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(laughter) yeh, yeh, the little devil in me came out again. I used to put wet dish clothes in their pockets and stitch their whit coat sleeves together (laughter) oh we were terrible. Mind you they got their own back, they‟d put our fur lined, our winter boots in the fridge and things like that (laughter) you know but it was good fun And what age were you when you left there. When I left the Technical College. Um Eighteen, seventeen, eighteen, then I had to go out to work. Um I was working in a bakery for a while. I‟d just passed all my exams with distinctions and I took over a bakery, managing a bakery and it had a cafe and everything you know, I was more or less running that but I couldn‟t stand it, the manageress, the owner I should say was oh I don‟t know she used to swear at me, come down and things weren‟t 100% and she‟d swear at me and one thing and another and I‟d just never been used to anyone swearing at me and I couldn‟t stick it, so I left and I got a job locally. I‟d had to travel up to Wrexham for that job, eleven miles on the train and I was, I‟d been ill with tonsillitis and they even sent a car to fetch me to go into work over a week-end because they wanted something special doing and I was in bed with tonsillitis and I had to go because I needed the money and I ended up in a shop, a grocery shop um just across the road from home and when I was born there were some very well to do ladies, they was proper ladies, they weren‟t just monied people, they were proper gentry and they used to have garden parties and things and mum used to go and lend a hand you see in the kitchens and apparently Miss Iris came to see me when I was born and I was a tiny weeny little baby and I fit in a two pound sugar bag and they didn‟t wash me when I was born, they wrapped me in cotton wool and put me in this two pound sugar bag. It was a blue one like they used to have and she always reckoned I was her miracle baby and she always looked thought about me, Miss Iris and when I was working in this grocery shop it was known round the town „Frances is only working there six months until she goes to College‟ It was all lined up for me to go down to London to College and I was down in the cellar and we were weighing out currants now I don‟t know if you know what old fashioned currants were like, as black as your hat and I had had a white apron on but it was black from weighing out these sticky currants, weighing them into bags down in the cellar, ready to go up into the shop and she came into the shop apparently and she said „I want to speak to the manager‟ and the manager came and she says „where‟s my little flower‟ so eventually he got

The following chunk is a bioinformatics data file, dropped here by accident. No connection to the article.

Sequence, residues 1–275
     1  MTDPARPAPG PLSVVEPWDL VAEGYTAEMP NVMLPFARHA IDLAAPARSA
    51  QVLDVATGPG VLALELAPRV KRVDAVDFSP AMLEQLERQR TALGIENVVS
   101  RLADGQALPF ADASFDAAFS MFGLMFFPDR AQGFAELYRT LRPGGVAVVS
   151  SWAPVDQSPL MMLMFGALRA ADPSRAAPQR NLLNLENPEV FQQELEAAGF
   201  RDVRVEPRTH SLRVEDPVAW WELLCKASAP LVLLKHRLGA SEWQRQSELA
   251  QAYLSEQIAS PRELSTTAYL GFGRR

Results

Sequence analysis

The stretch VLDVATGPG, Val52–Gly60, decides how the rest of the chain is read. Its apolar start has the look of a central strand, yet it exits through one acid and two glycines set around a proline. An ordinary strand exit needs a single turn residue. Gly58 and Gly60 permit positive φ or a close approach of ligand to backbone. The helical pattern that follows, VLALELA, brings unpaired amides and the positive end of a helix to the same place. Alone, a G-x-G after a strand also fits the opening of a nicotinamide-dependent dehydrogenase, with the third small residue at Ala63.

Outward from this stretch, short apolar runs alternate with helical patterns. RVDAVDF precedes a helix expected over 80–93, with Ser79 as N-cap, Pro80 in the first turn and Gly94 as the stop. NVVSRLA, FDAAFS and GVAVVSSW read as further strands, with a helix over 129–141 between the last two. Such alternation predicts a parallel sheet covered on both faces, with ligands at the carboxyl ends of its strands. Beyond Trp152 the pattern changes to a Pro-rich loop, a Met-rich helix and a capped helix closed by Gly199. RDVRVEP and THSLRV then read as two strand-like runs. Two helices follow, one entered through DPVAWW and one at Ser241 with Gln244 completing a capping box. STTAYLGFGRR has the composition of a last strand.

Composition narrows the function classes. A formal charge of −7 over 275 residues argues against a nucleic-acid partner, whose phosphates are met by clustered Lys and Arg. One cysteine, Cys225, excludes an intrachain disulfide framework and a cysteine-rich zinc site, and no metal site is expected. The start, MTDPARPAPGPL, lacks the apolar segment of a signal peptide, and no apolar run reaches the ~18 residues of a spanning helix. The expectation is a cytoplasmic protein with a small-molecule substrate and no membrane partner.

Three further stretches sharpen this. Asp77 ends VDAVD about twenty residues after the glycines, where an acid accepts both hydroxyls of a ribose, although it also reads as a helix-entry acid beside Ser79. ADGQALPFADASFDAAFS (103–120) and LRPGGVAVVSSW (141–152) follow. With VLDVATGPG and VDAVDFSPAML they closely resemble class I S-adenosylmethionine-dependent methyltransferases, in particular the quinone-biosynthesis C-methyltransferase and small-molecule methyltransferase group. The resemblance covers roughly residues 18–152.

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out of her who it was and so he fetched me up from the cellar, I was black as pitch and she had brought me a present, a going away present for when I went to College. It was a writing wallet and I have still got that writing wallet yeh, but the teasing I got after that „little flower, little flower‟ Miss Iris during the war she used to have garden parties at Ellesmere House and it sort of run alongside the Mere, the garden alongside the Mere and it was very, it‟s an old folks home now or it was and she had Lady Magdaline Herbert, it‟s a name that sticks in my brain and I‟d got a frock so I was asked to present the bough of flowers to Lady Magdaline Herbert and mum and I went for afternoon tea several times to practice and Miss Iris would be telling me what to do and her sister would be pretending to be this Lady Magdaline Herbert and I practised and practised. I‟d walk three steps and I‟d curtsy, I‟d walk three steps and curtsy, given the bouquet, three steps backwards, curtsy, three steps backwards curtsy, three steps backwards, curtsy and then I could go back to my mother. Well fair enough I walked so far to where I gauged the line, curtsied, three steps forward curtsied, three steps forward gave her the bouquet and as I have her the bouquet a little tiny dog jumped out of her lap and I just turned tail and ran (laughter) but I did get a box of crystallised ginger for me trouble Ah. What was this frock like. Well I had been. My mother was at the top end of a family thirteen children born, nine lived and mother was second from the eldest and her younger, not her youngest sister, but her younger sister Frances, got married when I was three and I had this peach satin dress and it had slits at the top of the sleeves and scalloped all, scallops of like ribbon scallops all around the, in rings all around the skirt and underneath it had a white satin underskirt. It was like a white satin with this peach satin on the top of it and it had a gold satin belt with a bow and I had a gold satin plait around my head and that was the frock to start with but then as I slightly grew out of that the white petticoat came into its own and that was the one that was the bridesmaids dress that had all the bits and bobs added and the frills round the bottom cause you could soon find a little scrap of white satin and stick a frill round the bottom, that was the bridesmaids dress that saw me through till I was about nine or ten How many times Nine bridesmaids, that was including my sisters. I was my aunts bridesmaid, that was the very first one and then my eldest sisters when I was four, three and a half to four and they the road up, the middle of the road was all up when my eldest sister got married and they‟d got planks across it so people could get from one side of the town to the other and I wouldn‟t go